The U.S. Supreme Court on Monday held that a Kansas officer acted reasonably in making a Douglas County traffic stop, reversing the Kansas Supreme Court, Attorney General Derek Schmidt said.
The high court ruled 8-1 that a sheriff’s deputy making an investigative traffic stop after running a vehicle’s license plate and learning that the registered owner’s driver’s license had been revoked was reasonable under the Fourth Amendment. The Kansas Supreme Court had unanimously held the stop violated the Fourth Amendment.
The Fourth Amendment states:
The right of the people to be secure in their persons, houses, papers, and effects, against unreasonable searches and seizures, shall not be violated, and no Warrants shall issue, but upon probable cause, supported by Oath or affirmation, and particularly describing the place to be searched, and the persons or things to be seized.
The Supreme Court ruled that the officer had probable cause to believe the person driving the car might be its owner, and knew the owner didn’t have a valid driver’s license. Under the ruling, the officer could use common sense, at least to stop the car and check out that suspicion.
“The inference that the driver of a car is its registered owner does not require any specialized training; rather, it is a reasonable inference made by ordinary people on a daily basis,” Justice Clarence Thomas wrote for the majority. “The fact that the registered owner of a vehicle is not always the driver of the vehicle does not negate the reasonableness of (the deputy’s) inference. Such is the case with all reasonable inferences.”
The inference in this case turned out to be correct. After identifying the truck driver in this case as the registered owner, Charles Glover Jr., the driver was charged with driving as a habitual violator.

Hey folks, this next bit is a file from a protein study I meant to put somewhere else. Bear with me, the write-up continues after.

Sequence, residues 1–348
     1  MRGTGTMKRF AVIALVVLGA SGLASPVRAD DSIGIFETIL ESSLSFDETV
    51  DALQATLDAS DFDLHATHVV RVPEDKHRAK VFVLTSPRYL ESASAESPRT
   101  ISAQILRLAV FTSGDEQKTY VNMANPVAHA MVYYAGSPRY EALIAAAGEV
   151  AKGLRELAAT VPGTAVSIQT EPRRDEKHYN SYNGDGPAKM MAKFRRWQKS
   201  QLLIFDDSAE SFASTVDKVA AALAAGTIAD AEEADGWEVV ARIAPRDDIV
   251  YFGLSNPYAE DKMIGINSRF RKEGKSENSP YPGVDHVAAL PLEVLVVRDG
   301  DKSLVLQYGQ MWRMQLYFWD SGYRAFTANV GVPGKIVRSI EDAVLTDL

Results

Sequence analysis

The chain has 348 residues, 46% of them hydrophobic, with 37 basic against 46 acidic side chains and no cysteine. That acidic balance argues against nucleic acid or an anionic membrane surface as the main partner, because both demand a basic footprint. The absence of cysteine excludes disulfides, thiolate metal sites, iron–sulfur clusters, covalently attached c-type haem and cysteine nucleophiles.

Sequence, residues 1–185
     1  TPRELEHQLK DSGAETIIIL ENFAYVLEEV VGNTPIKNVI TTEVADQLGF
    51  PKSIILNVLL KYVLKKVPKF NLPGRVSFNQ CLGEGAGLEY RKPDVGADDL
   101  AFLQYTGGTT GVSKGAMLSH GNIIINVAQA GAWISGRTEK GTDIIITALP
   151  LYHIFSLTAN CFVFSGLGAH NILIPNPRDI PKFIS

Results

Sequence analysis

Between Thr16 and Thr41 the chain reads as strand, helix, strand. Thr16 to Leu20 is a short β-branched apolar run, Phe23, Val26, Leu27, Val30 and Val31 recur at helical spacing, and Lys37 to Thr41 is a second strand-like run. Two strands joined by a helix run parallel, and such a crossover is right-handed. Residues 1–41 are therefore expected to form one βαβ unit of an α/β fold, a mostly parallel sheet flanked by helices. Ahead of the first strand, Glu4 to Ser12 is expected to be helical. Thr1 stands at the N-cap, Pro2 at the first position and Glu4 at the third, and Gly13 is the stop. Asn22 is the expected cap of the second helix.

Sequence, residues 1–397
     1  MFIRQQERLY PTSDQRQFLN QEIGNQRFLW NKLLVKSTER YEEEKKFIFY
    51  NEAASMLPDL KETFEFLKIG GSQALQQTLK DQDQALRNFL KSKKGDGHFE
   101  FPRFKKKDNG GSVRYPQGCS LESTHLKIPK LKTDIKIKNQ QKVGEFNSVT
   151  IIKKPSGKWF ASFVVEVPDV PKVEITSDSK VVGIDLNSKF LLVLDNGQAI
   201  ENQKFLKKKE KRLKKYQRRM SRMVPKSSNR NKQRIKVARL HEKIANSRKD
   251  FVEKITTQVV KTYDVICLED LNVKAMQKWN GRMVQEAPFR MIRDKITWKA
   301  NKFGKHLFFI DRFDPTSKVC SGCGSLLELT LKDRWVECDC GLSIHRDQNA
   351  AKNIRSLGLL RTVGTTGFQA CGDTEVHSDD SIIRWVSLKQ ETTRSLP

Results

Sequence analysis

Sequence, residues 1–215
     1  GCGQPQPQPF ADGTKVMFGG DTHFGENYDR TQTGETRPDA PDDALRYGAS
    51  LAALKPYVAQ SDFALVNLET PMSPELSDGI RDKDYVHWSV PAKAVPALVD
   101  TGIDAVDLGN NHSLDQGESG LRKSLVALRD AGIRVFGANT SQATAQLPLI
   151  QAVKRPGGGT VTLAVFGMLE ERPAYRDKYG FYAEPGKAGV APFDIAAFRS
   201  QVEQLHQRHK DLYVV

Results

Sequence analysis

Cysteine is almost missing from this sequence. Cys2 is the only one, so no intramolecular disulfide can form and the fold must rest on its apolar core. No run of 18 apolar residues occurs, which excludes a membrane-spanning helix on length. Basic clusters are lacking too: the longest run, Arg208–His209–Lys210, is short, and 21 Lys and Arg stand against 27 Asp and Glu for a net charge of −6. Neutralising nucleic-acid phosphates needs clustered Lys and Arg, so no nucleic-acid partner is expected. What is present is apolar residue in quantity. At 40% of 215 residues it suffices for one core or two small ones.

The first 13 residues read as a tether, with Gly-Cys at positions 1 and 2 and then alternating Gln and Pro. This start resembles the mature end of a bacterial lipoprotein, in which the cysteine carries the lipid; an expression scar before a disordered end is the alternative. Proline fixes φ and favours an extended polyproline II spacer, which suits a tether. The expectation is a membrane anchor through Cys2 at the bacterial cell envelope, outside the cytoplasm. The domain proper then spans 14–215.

Schmidt said the decision further clarifies the scope of the Fourth Amendment for law enforcement officers in Kansas and around the country. “As this deputy knew, and as the U.S. Supreme Court today confirmed, it is common sense to suspect the registered owner of a car is the person driving it, and that is sufficient to make a traffic stop to determine whether that reasonable suspicion is in fact correct.”
Justice Sonia Sotomayor cast the dissenting vote, siding with the original Kansas Supreme Court decision that an officer must at least articulate more than a suspicion or “hunch” of criminal activity to establish probable cause. The registered owner of a car might be driving it, or the driver might be someone else.
The Fourth Amendment contains one of many protections enshrined in the Bill of Rights. As with other amendments, it can be debated but not dismissed. The scope of Monday’s ruling was intentionally narrow but upheld the officer’s authority to make an investigative traffic stop in this case.
We don’t disagree with this narrow ruling but take note with Sotomayor that what one person assumes is “common sense” may actually be a strongly held feeling or hunch. The Bill of Rights continues to provide a guide for a nation that embraces fundamental rights.